Rabies is an exceptionally dangerous virus that is fatal for cats and other pets, fortunately, it is entirely preventable. In today's post, our Little Rock vets explain the costs, scheduling, and side effects associated with getting your cat vaccinated against rabies.
How Rabies Spreads
In North America, the most common carriers of the rabies virus are skunks, bats, foxes, and raccoons.
Since the virus is spread through saliva and causes heightened aggression in animals suffering from its effects, the most common way for cats to become infected with rabies is through the bite of an infected animal.
Because of the serious threat that rabies poses to human health, most US states require that rabies-infected pets be euthanized. All mammals are capable of contracting rabies through the bite of an infected animal, which is why it's critical to protect your pet by keeping their rabies vaccinations up to date.
The prognosis after catching rabies is not good for unvaccinated cats, for whom the infection is most often fatal.
Cat Rabies Vaccine - Cost
The cost of rabies vaccination varies tremendously from city to city, state to state, and even from one vet to another in the same area. The type of rabies vaccine used is a key determiner of cost.
Longer-lasting vaccines, as well as vaccines with fewer potential side effects, are typically much more expensive. Contact your veterinarian to find out which rabies vaccine they use for cats and how much your cat's vaccinations will cost. Your veterinarian can advise you on the best vaccination plan for your cat's health as well as your personal budget.
Cat Rabies Vaccine - Schedule
The schedule for your kitty's rabies vaccination will vary depending on the brand of vaccine used.
Most vets offer vaccines without adjuvants - ingredients that proved effective in preventing rabies but caused an allergic reaction in some cats. These vaccines may or may not be more expensive than vaccines with adjuvants, which are just as effective at preventing rabies but have a higher potential for causing rare side effects, depending on the individual veterinary practice and any existing state legislation on rabies vaccination in cats.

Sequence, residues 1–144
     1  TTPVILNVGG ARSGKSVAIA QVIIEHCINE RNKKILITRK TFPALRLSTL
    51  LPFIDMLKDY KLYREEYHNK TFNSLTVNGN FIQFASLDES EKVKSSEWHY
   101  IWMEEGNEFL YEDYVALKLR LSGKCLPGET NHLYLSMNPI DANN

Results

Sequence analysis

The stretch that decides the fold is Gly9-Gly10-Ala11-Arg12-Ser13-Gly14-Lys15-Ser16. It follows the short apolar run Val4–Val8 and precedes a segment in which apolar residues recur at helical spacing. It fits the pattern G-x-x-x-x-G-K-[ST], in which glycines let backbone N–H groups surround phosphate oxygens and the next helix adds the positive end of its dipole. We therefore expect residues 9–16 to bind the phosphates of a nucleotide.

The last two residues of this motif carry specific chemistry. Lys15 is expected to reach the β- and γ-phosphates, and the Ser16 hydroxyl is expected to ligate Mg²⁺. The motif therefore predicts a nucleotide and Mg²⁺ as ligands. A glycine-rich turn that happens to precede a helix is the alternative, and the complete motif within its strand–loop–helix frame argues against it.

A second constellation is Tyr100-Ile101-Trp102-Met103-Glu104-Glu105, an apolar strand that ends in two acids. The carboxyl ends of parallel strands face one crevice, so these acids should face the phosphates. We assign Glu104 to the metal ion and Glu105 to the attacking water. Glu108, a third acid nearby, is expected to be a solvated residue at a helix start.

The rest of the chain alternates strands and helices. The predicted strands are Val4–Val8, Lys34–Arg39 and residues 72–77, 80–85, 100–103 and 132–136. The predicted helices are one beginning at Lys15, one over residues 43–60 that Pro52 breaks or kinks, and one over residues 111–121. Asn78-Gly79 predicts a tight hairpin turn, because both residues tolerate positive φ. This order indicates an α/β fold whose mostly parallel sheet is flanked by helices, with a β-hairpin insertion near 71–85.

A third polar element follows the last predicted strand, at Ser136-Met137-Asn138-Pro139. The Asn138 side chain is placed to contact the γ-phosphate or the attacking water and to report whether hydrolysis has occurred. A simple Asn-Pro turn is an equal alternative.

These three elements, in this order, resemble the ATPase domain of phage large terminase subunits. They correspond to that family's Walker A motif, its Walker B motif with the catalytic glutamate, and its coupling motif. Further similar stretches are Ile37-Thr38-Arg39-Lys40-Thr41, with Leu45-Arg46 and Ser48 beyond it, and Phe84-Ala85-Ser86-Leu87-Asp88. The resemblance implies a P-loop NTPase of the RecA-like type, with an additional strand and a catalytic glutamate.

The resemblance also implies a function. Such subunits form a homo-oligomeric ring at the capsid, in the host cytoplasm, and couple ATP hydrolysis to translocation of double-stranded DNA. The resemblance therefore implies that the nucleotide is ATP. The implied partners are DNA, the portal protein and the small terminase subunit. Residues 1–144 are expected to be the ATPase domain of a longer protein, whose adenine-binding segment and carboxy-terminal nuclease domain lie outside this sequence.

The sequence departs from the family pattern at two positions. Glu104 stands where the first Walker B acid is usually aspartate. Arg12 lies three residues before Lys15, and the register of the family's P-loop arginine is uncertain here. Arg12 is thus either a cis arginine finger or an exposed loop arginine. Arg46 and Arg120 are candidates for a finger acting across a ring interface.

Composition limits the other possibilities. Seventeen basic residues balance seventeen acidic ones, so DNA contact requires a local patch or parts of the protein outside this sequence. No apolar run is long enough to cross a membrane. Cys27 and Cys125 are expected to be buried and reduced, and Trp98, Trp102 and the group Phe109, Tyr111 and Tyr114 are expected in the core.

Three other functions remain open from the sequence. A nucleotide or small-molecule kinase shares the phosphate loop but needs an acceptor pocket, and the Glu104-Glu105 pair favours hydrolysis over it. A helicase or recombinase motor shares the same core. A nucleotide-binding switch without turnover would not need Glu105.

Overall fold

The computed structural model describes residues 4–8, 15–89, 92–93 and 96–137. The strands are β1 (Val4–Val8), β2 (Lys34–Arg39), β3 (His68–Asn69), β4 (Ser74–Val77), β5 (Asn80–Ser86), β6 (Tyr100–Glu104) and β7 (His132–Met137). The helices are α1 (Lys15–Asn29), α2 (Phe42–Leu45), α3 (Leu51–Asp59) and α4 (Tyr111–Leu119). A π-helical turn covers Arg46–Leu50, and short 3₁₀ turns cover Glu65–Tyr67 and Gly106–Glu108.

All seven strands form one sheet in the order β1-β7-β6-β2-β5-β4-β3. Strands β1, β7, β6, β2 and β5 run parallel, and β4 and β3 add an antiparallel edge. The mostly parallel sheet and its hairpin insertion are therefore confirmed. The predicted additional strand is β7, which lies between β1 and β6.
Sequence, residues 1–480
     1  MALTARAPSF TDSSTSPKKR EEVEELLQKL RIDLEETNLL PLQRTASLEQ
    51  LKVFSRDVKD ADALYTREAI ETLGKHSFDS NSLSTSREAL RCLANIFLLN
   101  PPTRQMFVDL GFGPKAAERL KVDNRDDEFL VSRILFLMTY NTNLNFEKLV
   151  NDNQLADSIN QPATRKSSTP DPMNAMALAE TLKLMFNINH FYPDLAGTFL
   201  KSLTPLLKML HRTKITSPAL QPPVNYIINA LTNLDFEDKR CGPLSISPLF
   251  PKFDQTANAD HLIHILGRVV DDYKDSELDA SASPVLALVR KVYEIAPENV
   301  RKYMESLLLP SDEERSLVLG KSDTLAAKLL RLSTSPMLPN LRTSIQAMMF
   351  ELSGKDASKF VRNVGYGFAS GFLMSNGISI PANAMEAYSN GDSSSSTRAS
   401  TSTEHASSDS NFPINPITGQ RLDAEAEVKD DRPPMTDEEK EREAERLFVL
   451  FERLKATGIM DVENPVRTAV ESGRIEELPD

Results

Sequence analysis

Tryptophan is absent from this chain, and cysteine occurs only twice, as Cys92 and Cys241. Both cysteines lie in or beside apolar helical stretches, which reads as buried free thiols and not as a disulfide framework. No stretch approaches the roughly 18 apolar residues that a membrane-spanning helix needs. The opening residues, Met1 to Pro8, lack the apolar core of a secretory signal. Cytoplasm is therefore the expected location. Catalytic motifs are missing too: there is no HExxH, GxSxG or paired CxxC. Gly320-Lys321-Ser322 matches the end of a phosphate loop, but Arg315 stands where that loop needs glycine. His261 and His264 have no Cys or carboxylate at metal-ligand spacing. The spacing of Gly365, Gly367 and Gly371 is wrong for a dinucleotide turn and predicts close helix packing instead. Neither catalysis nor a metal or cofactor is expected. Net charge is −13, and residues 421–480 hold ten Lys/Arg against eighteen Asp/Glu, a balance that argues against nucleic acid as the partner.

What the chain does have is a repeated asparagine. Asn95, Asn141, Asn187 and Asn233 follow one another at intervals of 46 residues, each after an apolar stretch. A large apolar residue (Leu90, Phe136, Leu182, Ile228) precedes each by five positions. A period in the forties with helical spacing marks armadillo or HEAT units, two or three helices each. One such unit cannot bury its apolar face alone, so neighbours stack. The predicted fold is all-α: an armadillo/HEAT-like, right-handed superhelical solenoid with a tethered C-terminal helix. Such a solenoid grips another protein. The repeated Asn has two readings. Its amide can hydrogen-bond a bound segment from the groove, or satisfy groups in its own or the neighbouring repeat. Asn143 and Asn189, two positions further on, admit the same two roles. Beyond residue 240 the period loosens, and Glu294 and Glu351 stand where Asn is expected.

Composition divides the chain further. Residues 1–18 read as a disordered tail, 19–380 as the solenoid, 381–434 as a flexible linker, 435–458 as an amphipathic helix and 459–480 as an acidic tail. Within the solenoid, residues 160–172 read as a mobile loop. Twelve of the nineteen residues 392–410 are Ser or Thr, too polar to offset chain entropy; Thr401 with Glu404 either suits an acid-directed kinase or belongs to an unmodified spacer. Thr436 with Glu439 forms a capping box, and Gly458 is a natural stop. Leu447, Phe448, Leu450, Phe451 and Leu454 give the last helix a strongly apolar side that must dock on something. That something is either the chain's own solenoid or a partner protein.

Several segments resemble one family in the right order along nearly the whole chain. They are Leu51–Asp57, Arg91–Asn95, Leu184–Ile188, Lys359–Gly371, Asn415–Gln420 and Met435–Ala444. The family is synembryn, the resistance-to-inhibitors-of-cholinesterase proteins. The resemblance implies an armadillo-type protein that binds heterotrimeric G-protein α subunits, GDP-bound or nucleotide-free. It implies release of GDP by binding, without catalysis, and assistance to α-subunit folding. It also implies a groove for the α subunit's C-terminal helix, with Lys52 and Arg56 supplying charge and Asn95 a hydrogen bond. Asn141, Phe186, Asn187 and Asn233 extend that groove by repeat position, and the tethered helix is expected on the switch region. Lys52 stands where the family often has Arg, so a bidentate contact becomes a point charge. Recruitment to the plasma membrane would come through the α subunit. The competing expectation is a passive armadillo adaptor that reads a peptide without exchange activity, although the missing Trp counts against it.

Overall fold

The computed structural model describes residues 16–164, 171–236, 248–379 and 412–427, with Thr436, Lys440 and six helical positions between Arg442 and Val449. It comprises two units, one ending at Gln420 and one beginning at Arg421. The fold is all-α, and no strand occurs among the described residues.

Because older non-adjuvant vaccines only lasted a year, yearly booster shots were necessary. Newer vaccines that require a single booster a year after the first vaccination, followed by boosters every three years after that, have been developed; however, these vaccines are significantly more expensive, so some veterinarians prefer to stick with the older vaccine technology. If you ask your veterinarian "how often should my cat get a rabies vaccine?" they will be able to tell you about the vaccination options they have and which schedule is best for your cat.
Kittens should begin their rabies vaccination treatment at about 12 weeks old. If you haven't already, you can schedule your cat for all their routine vaccinations and other preventive care at Bowman Road Animal Clinic.
Possible Cat Reaction to Rabies Vaccine
Cat owners frequently worry about potential side effects their cat might encounter after receiving a rabies vaccination. Pet owners occasionally visit our Little Rock veterinarians worried about rumors they have heard about "cats who have died from rabies vaccine," according to the vets. Thankfully, there is no basis for these worries. The most common side effects of the cat rabies vaccine are typically a mild fever, lethargy, decreased appetite, and/or a localized swelling at the injection site.
In some excessively rare cases, a cat can have an allergic reaction to the vaccine, leading to hives, extreme weakness, and unexplained collapse. It's important for pet parents to know that fewer than 0.001% of cats will have allergic side effects to modern rabies vaccines. It is always safer to have your cat vaccinated against rabies than to risk potential infection in the future.
Why Your Indoor Cat Needs Their Rabies Vaccine
There is no need for rabies vaccination if a cat is kept indoors, despite what cat owners may believe. While it's true that you don't let your cat outside your house, the risk of it escaping or, worse, of a diseased bat or rodent getting inside your house is high enough to require that your cat be given protection.
The consequences of rabies are simply too dire to take any chances, the best and only way to ensure your cat is completely protected against rabies is vaccination.
It is also the case that in most US states all cats and dogs over the age of 6 months are required to be vaccinated against rabies. When you take your pet to be vaccinated your vet will be sure to issue you with a certificate of vaccination as proof that your feline friend is up to date with their rabies vaccine.
Note: The advice provided in this post is intended for informational purposes and does not constitute medical advice regarding pets. For an accurate diagnosis of your pet's condition, please make an appointment with your vet.